Quantifying sensory eye dominance in the normal visual system: A new technique and insights into variation across traditional tests

Jingrong Li, Carly Siu Yin Lam, Minbin Yu, Robert F. Hess, Lily Y.L. Chan, Goro Maehara, George C. Woo, Benjamin Thompson

Research output: Journal article publicationJournal articleAcademic researchpeer-review

72 Citations (Scopus)


PURPOSE. Although eye dominance assessment is used to assist clinical decision-making, current understanding is limited by inconsistencies across the range of available tests. A new psychophysical test of sensory eye dominance has been developed that objectively measures the relative contribution of each eye to a fused suprathreshold binocular percept. METHODS. Six standard tests and the newly developed test were used to measure motor and sensory dominance in a group of 44 binocularly normal individuals (mean age, 29.5 ± 9.10 years). The new test required observers to perform a motion coherence task under dichoptic viewing conditions, wherein a population of moving, luminance-defined signal (coherently moving) and noise (randomly moving) dots were presented separately to each eye. The observers judged the motion direction of the signal dots. Motion coherence thresholds were measured by varying the ratio of signal-to-noise dots, in a staircase procedure. RESULTS. The new dichoptic motion coherence threshold test revealed a clear bimodal distribution of sensory eye dominance strength, wherein the majority of the participants (61%) showed weak dominance, but a significant minority (39%) showed strong dominance. Subsequent analysis revealed that the strong-dominance group showed greater consistency across the range of traditional eye dominance tests used. CONCLUSIONS. This new quantitative dichoptic motion coherence threshold technique suggests that there are two separate sensory eye dominance strength distributions among observers.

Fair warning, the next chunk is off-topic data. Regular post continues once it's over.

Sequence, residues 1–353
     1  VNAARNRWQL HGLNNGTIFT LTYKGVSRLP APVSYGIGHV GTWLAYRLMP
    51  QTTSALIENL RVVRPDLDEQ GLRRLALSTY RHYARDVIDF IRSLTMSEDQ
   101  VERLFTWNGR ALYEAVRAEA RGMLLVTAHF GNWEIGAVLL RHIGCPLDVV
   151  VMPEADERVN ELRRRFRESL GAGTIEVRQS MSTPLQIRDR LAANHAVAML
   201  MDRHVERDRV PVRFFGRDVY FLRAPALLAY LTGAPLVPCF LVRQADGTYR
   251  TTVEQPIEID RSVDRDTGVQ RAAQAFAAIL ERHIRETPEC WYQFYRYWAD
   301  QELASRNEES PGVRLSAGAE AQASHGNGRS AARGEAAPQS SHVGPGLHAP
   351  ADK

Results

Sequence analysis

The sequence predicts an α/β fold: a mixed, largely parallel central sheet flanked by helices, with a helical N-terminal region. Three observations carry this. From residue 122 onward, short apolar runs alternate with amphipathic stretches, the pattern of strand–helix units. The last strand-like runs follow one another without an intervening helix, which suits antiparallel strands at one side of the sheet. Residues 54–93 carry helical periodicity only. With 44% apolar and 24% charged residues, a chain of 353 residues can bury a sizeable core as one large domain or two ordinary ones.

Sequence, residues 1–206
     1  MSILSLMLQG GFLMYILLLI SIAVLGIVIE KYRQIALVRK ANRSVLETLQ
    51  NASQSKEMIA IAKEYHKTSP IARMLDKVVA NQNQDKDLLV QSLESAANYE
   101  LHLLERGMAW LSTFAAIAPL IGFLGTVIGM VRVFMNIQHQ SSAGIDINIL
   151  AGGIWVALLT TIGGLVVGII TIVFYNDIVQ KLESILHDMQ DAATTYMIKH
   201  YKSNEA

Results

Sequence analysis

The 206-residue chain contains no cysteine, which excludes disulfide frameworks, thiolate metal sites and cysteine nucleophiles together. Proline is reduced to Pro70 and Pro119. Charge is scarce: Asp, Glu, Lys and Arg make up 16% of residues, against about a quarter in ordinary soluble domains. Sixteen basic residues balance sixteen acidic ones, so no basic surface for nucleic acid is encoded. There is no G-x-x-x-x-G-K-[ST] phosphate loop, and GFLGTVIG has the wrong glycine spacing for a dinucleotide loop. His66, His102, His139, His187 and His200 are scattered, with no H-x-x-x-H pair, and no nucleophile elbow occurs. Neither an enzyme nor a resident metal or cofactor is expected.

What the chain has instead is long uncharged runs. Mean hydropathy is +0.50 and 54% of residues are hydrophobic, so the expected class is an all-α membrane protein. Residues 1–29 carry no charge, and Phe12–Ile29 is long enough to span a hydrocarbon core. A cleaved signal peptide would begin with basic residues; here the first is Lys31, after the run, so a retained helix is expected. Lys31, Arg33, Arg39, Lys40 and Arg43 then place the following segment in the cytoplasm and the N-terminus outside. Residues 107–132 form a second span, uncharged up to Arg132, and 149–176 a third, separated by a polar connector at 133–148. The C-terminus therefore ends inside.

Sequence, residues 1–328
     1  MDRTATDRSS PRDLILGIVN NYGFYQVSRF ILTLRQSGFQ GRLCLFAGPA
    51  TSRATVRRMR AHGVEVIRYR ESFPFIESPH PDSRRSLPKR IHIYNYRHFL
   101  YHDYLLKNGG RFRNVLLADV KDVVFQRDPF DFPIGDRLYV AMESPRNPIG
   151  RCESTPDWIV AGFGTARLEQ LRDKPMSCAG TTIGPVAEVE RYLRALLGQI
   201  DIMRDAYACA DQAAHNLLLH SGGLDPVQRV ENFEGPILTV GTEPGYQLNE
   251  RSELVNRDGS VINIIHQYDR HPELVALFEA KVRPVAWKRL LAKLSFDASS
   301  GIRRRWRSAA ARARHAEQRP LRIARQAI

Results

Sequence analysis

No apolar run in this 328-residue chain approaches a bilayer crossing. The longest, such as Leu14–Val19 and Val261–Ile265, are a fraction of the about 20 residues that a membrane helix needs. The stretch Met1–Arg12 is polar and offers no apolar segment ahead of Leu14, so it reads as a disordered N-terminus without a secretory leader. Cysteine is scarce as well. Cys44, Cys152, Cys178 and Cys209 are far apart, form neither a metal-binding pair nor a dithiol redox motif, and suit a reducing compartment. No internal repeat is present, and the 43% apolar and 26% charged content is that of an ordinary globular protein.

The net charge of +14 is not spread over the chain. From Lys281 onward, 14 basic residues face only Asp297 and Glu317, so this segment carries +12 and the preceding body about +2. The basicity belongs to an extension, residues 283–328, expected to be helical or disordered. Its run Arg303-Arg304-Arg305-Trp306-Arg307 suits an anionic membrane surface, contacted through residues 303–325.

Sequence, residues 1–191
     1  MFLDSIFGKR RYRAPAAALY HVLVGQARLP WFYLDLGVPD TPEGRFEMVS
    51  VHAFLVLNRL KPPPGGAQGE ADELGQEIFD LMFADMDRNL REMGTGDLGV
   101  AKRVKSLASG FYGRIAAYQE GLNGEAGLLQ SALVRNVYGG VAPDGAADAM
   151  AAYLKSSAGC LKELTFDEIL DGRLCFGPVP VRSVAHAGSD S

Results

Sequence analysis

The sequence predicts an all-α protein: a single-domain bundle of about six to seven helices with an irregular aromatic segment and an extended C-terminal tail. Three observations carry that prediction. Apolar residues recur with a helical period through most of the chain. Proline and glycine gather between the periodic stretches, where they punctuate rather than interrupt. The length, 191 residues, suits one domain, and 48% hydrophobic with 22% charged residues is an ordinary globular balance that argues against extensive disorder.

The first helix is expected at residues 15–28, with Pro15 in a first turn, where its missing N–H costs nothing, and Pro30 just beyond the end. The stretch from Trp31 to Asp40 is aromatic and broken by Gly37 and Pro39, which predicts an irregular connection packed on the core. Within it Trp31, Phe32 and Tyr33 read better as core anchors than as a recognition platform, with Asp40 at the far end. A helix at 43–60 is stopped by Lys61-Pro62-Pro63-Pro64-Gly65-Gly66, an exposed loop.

Original languageEnglish
Pages (from-to)6875-6881
Number of pages7
JournalInvestigative Ophthalmology and Visual Science
Issue number12
Publication statusPublished - 1 Dec 2010

ASJC Scopus subject areas

  • Ophthalmology
  • Sensory Systems
  • Cellular and Molecular Neuroscience


Dive into the research topics of 'Quantifying sensory eye dominance in the normal visual system: A new technique and insights into variation across traditional tests'. Together they form a unique fingerprint.

Cite this